Physicists Cure Arthritis! (Er, maybe not)

We’re always amused by academic press releases that promote breakthroughs for human health that may be decades away from practical implementation. On behalf of our fellow arthritis sufferers, we’ll let this cartilage replacement claim slide because of its technical bravura.

A team of physicists in the United Kingdom is experimenting with “acoustic tweezers,” which use ultrasonic waves to manipulate cells and other microscopic objects. In one of those give-us-more-funding scenarios, the release from the UK’s Engineering and Physical Sciences Research Council (EPSRC) envisions:

“Using the crafted sound fields, cartilage cells taken from a patient’s knee can be levitated for weeks in a nutrient-rich fluid. This means the nutrients can reach every part of the culture’s surface and, combined with the stimulation provided by the ultrasound, enables the cells to grow and to form better implant tissue than when cultured on a glass petri dish. By holding the cells in the required position firmly but gently, the tweezers can also mould the growing tissue into exactly the right form so that the implant is truly fit-for-purpose when inserted into the patient’s knee.”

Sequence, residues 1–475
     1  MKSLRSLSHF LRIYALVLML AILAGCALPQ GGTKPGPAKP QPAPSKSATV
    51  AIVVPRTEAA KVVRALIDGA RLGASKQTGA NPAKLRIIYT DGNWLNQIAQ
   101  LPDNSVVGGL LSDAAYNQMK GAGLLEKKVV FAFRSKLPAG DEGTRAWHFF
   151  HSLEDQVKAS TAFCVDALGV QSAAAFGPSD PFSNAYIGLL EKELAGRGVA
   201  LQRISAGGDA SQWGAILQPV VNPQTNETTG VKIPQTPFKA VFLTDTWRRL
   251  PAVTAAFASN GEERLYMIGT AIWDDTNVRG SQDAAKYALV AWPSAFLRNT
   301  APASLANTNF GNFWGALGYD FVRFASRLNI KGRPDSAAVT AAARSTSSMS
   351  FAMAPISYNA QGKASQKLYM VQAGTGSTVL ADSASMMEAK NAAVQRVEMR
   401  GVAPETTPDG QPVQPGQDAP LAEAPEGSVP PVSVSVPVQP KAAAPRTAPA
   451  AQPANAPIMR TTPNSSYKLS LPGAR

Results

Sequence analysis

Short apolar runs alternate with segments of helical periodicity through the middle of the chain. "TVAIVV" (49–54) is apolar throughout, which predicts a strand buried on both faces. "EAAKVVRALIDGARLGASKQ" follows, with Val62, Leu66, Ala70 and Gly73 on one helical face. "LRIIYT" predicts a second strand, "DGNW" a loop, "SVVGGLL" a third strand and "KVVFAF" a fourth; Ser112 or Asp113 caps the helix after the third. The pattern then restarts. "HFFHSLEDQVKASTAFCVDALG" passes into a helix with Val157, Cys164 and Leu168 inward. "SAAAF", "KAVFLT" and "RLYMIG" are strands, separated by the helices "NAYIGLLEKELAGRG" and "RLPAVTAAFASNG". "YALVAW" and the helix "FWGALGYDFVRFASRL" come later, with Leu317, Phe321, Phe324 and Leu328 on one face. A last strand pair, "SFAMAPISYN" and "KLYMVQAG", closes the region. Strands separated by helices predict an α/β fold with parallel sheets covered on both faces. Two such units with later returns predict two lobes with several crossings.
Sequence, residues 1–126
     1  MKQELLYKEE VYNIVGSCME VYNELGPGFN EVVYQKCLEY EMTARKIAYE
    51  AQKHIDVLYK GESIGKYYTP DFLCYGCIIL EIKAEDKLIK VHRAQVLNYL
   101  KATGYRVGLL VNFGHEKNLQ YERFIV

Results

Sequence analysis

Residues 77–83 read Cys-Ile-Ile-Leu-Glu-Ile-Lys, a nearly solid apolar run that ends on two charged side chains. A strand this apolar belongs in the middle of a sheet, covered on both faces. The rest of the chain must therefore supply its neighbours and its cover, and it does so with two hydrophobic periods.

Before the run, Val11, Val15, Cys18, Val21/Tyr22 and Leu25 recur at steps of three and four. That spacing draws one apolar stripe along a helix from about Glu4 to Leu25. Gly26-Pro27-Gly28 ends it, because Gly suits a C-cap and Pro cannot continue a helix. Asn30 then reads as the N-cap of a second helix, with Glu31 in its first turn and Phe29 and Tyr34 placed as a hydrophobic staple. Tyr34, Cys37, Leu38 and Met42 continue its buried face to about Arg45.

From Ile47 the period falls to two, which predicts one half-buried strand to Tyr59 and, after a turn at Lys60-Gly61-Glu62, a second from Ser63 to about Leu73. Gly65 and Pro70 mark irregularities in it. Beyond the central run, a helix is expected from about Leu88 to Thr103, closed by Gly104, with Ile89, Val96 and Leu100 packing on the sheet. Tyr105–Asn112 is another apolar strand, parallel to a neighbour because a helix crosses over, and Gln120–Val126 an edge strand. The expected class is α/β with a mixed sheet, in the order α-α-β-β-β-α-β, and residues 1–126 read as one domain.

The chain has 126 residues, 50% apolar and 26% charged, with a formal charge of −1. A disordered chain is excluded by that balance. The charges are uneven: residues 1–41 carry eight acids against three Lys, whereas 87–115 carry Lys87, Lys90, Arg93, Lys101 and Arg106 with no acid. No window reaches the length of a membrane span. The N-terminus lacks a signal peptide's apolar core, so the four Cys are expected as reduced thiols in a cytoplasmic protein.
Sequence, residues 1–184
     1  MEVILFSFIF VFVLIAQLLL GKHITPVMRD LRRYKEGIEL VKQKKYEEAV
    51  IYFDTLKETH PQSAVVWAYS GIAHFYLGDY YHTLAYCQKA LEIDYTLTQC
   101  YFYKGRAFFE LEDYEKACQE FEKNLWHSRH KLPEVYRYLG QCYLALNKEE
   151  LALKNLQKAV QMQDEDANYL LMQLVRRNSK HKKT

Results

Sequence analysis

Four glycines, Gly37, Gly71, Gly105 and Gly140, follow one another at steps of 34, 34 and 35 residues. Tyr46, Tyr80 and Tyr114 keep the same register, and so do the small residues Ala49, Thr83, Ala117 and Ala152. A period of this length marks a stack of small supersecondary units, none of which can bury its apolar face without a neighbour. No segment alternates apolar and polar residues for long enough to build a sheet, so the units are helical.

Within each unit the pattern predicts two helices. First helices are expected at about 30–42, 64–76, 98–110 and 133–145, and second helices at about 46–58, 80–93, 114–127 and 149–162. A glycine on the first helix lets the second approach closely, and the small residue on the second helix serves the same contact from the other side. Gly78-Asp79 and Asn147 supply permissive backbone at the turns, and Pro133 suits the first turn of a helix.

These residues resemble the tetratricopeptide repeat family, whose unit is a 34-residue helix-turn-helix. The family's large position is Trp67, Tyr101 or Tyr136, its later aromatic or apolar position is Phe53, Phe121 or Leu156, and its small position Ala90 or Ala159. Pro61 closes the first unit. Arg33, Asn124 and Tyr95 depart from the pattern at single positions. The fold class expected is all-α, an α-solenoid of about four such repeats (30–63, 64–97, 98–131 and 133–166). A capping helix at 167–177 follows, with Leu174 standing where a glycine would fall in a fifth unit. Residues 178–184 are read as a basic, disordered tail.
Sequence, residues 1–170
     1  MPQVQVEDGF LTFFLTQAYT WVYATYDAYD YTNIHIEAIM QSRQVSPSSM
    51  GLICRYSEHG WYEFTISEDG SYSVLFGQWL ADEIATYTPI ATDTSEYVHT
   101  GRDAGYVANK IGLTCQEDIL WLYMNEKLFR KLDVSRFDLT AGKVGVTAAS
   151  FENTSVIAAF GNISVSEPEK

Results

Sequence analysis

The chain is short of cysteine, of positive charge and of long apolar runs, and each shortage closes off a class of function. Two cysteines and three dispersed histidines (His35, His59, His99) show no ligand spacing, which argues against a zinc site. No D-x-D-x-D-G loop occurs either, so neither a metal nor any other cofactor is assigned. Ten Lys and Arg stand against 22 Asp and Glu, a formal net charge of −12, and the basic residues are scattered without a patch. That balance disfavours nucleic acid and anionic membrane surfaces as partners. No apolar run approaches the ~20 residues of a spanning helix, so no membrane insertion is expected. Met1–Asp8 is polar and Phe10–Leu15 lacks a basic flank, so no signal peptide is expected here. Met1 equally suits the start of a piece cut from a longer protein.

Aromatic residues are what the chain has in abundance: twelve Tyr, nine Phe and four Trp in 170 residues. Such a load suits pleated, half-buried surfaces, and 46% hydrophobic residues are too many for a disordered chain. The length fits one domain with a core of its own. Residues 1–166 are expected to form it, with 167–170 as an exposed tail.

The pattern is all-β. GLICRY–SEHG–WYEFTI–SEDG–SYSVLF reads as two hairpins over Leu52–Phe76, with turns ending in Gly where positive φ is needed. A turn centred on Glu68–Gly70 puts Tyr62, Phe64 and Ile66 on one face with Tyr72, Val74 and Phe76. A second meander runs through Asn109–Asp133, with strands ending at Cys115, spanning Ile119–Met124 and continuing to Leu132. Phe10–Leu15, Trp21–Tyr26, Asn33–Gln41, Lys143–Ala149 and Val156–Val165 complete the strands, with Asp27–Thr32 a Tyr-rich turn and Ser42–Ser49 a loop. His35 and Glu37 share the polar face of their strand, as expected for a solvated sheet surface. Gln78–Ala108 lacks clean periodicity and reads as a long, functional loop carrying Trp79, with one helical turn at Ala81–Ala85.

5981C83F-5B06-492F-A608A6B303BA7A64Back in current reality, members of the team have used the tweezers to line up cells in a tartan pattern, which is a seriously nifty proof-of-concept.

Micromanipulation or “tweezing” with sound or light is already a familiar technique for physicists.  Decades earlier, the field perfected “optical tweezers,” which use light to manipulate objects as small as a single atom. While optical tweezers require a complicated set-up with laser-equipped microscopes, the more recently developed acoustic tweezers can fit on a chip, as demonstrated earlier by a research group at Penn State.

According to one of the EPSRC team’s lead scientists, Bruce Drinkwater of Bristol University, acoustic tweezers offer an advantage because, “They have a complete absence of moving parts and can manipulate not just one or two cells (or other objects) at a time but clusters of several centimetres across – a scale that makes them very suitable for applications like tissue engineering.”

We’re glad British taxpayers are getting their money’s worth. Meanwhile, pass us the ibuprofen.

Image courtesy: University of Glasgow.